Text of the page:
I had been drinking Sambuca after the bar closed. We decided a two-hour road-trip to DC was in order, and as we drove I finished off the bottle. We got to DC about 5 a.m. on a Saturday morning. We started to walk up an empty road, and I was hit with the need to go. I think at this point I was barking like a dog, just for fun. It occurred to me that dogs just go in the road so I dropped my pants and pooped right in the road. Really odd. Didn’t drink Sambuca after I sobered up and realized what I had done.

***

III.

I ran into the house already unbuckling my pants – it was time to go. I bolted up the stairs and found the bathroom door locked. The one bathroom in the house.

I jiggled the doorknob to be sure, and my teenaged son’s voice croaked out from the crack in the door: “I had to come home early. I’m sick.”

I tried to hide the panic in my voice. “Do you think you’ll be in there long?”

He said, “I’m sorry.” Sick as a dog and the dear boy still knows his father has a short poop fuse. “I have diarrhea.”

I shouted a “No problem!” over my shoulder as I shuffled down the hall and back downstairs. My pants were around my knees, and it was hard to run. But I needed to run, unless I wanted to shit on the stairs, because it was coming, uninvited like the plague, hammering the gates of the citadel like the Hun army.

I raced to the kitchen, where at least there’s linoleum. I spied the kitchen trashcan. Perfect.

I pulled the trash can out from the wall, and with the grace of a ballerina, spun, dropped trou, and parked my woebegotten ass in the top of the trashcan.

This was not a firm one. Spraying, sputtering, machine-gun fire. I was thinking that maybe I had what my son had, and I glanced guiltily back toward the stairs. My dog sat in the doorway to the kitchen, watching me with his head cocked slightly to one side. I shouted at him to go away, and he retreated a few paces, still watching me.

See, what’s perfect about a kitchen trashcan is that not only is it strong enough to support your weight and only slightly too tall, but it has a plastic liner. When I finished, I stood up and cleaned myself off with paper towels, tossing them onto the mass of angry Huns. I tied the bag tightly shut and carried it out to the big garbage can behind the house. I shouted at my dog to get away from the outside garbage can, and I returned to the house fresh as a daisy.

Kitchen trashcans: totally my go-to place to go in the future.

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Not my job description: a triptych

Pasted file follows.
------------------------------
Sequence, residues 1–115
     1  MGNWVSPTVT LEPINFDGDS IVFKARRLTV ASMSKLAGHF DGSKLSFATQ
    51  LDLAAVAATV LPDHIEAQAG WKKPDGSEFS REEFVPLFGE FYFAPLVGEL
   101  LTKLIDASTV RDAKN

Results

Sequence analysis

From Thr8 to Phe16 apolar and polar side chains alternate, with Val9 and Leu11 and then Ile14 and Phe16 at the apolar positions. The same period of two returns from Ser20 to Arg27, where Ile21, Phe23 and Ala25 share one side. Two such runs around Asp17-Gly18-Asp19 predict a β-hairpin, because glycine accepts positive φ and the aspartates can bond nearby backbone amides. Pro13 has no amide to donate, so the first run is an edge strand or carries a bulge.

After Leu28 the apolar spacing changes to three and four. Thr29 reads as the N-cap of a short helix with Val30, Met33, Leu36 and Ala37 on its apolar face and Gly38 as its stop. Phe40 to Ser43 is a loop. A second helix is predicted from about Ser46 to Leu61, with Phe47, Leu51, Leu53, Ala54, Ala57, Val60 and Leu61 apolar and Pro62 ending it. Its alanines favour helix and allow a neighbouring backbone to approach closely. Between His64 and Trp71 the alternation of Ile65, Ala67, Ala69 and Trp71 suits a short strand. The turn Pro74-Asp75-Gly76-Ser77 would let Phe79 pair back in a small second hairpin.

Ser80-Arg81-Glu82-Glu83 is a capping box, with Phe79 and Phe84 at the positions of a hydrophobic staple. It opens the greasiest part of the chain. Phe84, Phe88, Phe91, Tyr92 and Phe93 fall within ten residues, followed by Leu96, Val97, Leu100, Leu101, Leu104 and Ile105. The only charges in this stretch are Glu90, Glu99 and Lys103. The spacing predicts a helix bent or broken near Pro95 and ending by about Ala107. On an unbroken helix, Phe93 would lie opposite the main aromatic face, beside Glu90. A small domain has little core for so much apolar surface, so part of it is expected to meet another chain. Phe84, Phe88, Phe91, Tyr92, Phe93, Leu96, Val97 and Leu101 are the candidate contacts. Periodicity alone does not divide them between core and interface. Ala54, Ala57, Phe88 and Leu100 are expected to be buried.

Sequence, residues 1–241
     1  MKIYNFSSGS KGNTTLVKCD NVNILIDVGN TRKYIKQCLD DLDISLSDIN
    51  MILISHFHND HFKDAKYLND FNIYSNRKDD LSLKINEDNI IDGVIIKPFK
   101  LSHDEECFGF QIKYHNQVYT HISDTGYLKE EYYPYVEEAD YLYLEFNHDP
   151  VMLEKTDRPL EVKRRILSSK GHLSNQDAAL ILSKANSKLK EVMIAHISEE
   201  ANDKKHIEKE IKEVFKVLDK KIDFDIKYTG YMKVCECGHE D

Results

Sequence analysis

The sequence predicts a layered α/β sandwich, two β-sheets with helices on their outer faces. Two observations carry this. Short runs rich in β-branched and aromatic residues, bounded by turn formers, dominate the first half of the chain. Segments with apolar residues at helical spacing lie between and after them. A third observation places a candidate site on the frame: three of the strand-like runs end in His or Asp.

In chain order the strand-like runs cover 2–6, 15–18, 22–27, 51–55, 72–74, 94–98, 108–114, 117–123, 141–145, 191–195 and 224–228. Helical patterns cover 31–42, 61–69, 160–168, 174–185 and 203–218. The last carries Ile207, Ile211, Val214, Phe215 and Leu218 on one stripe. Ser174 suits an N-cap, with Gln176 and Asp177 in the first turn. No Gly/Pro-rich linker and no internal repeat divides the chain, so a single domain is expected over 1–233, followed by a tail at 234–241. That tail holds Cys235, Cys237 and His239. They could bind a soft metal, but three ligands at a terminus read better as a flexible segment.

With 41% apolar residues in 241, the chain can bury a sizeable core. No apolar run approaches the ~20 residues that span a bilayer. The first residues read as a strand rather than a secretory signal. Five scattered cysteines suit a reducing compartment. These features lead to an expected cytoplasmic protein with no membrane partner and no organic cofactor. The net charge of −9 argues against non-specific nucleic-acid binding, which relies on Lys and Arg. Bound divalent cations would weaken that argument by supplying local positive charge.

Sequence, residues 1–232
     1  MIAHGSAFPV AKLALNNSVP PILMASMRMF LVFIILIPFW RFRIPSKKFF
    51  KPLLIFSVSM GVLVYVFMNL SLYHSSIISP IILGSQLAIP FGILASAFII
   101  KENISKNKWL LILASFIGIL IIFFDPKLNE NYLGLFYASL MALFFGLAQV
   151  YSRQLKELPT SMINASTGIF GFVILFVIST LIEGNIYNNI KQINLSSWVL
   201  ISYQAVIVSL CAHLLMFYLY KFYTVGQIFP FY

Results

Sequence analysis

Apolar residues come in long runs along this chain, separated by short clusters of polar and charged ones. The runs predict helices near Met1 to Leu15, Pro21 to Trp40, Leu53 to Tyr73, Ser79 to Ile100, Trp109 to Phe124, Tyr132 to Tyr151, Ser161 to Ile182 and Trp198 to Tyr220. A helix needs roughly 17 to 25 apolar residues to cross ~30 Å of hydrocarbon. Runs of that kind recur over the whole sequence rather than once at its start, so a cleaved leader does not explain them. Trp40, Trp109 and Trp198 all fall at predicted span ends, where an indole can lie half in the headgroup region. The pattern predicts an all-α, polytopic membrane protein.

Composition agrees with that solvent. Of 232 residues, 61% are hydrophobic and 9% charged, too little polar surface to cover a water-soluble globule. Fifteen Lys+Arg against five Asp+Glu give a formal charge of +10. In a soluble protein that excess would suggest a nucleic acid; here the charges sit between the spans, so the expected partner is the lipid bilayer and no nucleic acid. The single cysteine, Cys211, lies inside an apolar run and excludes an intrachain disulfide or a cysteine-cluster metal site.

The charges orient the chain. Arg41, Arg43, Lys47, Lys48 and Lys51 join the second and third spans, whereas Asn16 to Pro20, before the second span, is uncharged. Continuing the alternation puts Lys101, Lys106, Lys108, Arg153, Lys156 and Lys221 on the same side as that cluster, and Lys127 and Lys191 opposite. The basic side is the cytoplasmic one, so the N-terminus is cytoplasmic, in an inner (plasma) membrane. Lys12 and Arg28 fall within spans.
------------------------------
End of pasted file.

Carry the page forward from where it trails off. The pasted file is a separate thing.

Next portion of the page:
I.

When I was 14 and working in a restaurant, someone laid, seriously, a two-foot coil in the loo. So us kids stared at each other dumbly, all grossed out, and asked the head cook what to do. He walked in with the knife he was using to chop green peppers and sliced the log up, then went back to the peppers with the same knife.

***

II.

A woman came into the emergency room saying that she was having a baby. Turns out she gave birth to a HUGE poop that had to be broken up with a tongue depressor before it could be flushed.

***

III.

It was a Saturday. I was the only one working. Earlier that week I had a case of the runs but it had cleared up by Saturday. Or so I thought. I had some gas and because no one else was in the office, I was free to let it rip.

Saturdays were quite slow but I was on a call when another gas pain hit, so I let that one go also. Only it wasn’t just gas. It was a blow out. Well, it could’ve been worse because even though I was talking to someone, I realized I had to do some damage control and held back what I could.

Within a couple seconds I told the client I’d have to call him back, that there was an emergency, and I asked for his number. I sat there wondering what to do. The bathroom was three hallways away, and I was, well, squishy. I was worried I’d run into someone and be forced into a conversation. I thought about closing up for the day but that would require a long, moist trip to the parking lot.

After deciding I couldn’t clean up at my desk, I glided to the bathroom as quickly and motionlessly as I could.

I cleaned myself up using toilet paper and toilet water. A pair of poopy underwear was stashed in the hygienic products bin that day, wrapped in about half a roll of toilet paper.

Got back to the desk, called the customer back, and finished out my shift.